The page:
Academic journal article American Journal of Pharmaceutical Education

A Pilot Common Reading Experience to Integrate Basic and Clinical Sciences in Pharmacy Education

Academic journal article American Journal of Pharmaceutical Education

A Pilot Common Reading Experience to Integrate Basic and Clinical Sciences in Pharmacy Education

Article excerpt

INTRODUCTION

Common reading experiences have increasingly become a staple for incoming freshman at many universities over the last few decades. (1) In these assignments, matriculating students read and discuss a text with peers and faculty members in forums intended to foster conversation about controversial issues. In some schools, the program is an integral part of orientation activities, and recently, undergraduate institutions have used common reading experiences as initial events in a series of activities that include films, plays, and library exhibits. Common reading experiences are expected to encourage intellectual discourse among participants and promote higher academic standards. (2) Detractors of common reading experiences often criticize book selection committees for choosing texts that appear to further liberal causes, do not challenge the reader, or attempt to mitigate the low academic standards found in secondary education systems in a "shotgun" approach. In undergraduate systems, success of the common reading experience is a frequently measured metric, as reflected by reductions in the dropout rate between the first and second years of college. (3)

Given that students entering healthcare professional schools typically have several years of undergraduate education that may culminate in a degree, common reading experiences in a healthcare degree program may have fundamentally different goals than that of their undergraduate counterparts. Literary review has long been used in medical schools to "humanize" the foundational science courses. (4) The University of Durham in England established a Centre for Arts and Humanities in Health and Medicine, and the University of Massachusetts-Worcester Medical School has used reading programs for the last 9 years. (5,6) Some reading programs in healthcare colleges have encouraged students to reflect on uncommon life situations, issues of diversity, or the definition of "families." (7) Few medical, nursing, or pharmacy schools or colleges use a defined common reading experience, but some medical schools use book-club formats (University of Massachusetts, Yale, Columbia). Regardless of the design used, reflective reading of narrative literature in training healthcare providers may lead to increased ethical and compassionate treatment of patients by using a "hidden" curriculum to shape thinking processes and awareness of the future provider. (4,7)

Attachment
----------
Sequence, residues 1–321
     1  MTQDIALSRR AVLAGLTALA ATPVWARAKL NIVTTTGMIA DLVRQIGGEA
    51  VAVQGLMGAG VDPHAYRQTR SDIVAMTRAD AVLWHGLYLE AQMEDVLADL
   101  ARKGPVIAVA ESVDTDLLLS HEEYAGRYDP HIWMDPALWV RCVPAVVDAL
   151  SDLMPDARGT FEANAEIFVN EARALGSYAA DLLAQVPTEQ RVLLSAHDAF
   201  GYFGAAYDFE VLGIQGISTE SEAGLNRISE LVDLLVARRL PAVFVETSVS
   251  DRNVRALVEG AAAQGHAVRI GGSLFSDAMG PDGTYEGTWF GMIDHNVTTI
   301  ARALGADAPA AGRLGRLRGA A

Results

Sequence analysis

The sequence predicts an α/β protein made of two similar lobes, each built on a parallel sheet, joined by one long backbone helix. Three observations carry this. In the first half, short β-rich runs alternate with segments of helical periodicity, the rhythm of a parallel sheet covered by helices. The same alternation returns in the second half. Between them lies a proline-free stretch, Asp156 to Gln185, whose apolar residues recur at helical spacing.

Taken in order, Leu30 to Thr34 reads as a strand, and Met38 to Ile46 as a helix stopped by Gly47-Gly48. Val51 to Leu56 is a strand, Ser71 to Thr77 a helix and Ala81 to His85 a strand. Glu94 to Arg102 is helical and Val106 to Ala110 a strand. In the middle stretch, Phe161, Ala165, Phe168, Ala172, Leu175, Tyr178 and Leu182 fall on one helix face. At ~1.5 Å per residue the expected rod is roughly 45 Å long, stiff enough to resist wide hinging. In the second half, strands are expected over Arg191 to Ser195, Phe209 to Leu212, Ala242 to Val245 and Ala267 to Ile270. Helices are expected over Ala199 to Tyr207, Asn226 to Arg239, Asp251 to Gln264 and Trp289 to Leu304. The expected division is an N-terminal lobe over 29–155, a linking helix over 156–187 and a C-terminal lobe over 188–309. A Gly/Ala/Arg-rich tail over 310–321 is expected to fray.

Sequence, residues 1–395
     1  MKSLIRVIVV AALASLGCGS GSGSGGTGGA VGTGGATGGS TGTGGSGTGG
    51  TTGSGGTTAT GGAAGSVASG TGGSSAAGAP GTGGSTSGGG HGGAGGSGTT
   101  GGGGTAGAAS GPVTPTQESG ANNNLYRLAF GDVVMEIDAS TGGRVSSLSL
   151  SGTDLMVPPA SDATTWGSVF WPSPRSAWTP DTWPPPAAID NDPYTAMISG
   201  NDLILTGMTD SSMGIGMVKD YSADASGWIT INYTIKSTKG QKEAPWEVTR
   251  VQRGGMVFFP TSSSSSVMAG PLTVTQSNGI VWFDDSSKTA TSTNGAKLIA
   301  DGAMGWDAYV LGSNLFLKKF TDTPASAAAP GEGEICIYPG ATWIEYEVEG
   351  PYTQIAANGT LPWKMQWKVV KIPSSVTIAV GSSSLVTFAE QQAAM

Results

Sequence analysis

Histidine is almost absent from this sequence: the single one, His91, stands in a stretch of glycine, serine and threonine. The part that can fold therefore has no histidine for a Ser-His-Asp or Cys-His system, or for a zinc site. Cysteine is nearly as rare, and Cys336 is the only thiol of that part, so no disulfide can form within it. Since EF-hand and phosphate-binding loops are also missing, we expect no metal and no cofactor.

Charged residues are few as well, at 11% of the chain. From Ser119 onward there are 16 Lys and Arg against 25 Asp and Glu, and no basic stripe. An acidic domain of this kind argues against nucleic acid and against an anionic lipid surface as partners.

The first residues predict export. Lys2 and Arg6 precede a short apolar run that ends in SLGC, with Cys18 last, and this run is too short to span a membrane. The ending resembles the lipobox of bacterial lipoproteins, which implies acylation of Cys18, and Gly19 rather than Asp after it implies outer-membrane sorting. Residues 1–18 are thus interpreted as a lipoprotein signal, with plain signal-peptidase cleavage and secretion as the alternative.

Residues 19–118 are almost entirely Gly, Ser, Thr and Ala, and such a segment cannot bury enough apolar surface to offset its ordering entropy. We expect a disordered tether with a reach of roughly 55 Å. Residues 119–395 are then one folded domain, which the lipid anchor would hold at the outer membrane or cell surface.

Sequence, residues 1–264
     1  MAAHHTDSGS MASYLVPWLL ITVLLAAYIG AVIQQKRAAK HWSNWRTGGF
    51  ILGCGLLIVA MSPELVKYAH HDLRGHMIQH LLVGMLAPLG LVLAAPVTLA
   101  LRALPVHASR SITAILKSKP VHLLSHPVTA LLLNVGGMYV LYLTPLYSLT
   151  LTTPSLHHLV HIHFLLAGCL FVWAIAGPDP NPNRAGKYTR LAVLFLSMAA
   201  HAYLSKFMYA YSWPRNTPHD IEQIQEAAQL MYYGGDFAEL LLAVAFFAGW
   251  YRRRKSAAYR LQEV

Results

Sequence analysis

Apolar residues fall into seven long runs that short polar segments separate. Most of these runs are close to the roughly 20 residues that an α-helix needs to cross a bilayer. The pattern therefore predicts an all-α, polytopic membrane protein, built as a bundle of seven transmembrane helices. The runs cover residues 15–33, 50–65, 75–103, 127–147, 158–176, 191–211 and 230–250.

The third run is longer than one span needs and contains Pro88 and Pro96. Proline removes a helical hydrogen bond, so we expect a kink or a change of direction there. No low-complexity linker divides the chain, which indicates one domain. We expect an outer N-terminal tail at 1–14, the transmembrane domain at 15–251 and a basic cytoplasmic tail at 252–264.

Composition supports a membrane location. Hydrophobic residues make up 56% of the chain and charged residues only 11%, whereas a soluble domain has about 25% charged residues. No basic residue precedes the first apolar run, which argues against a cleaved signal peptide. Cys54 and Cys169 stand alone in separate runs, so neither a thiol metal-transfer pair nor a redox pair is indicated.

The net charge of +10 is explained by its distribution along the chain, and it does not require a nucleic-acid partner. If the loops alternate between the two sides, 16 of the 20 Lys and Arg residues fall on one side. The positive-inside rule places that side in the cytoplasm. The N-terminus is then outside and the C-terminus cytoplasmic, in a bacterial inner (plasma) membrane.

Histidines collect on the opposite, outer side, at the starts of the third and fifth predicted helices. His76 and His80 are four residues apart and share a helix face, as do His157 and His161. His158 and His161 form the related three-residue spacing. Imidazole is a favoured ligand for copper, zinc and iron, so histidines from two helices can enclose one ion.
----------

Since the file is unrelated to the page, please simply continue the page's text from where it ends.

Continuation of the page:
In the fall of 2010, the University of Kentucky initiated a pilot common reading experience for incoming first-year pharmacy (P1) students. The pilot was designed to be a novel methodology of using a summer reading assignment to introduce basic and clinical sciences outside and independent of the core curriculum. This activity was intended to establish a culture of thoughtful academic discourse, introducing students to ethics in health care, raising awareness of disparities in healthcare delivery, and encouraging open and instructive relationships between students and faculty members.

The book selected for this trial was The Immortal Life of Henrietta Lacks by Rebecca Skloot. The text is a non-fiction account of the struggles of a poor, African-American woman from Virginia who was diagnosed with cancer in the 1950s. The book documents Henrietta's struggles with the healthcare system, the unauthorized use of her cancer cells for science, and the effect of these events on her extended family. The book never specifically mentions a pharmacist or healthcare team but satisfied all of the intended objectives of this common reading experience. Active discussion and reflection centered on the concepts of health disparities, ethical principles, and basic science found in the text were expected to encourage students to embrace foundational classes in the first-year curriculum, engage them in meaningful conversations with peers and faculty members, and help develop a sense of compassionate care. The objective of this work was to design and assess a common reading experience that introduces concepts related to ethics in healthcare and research, basic science concepts, health disparities, and health literacy. …

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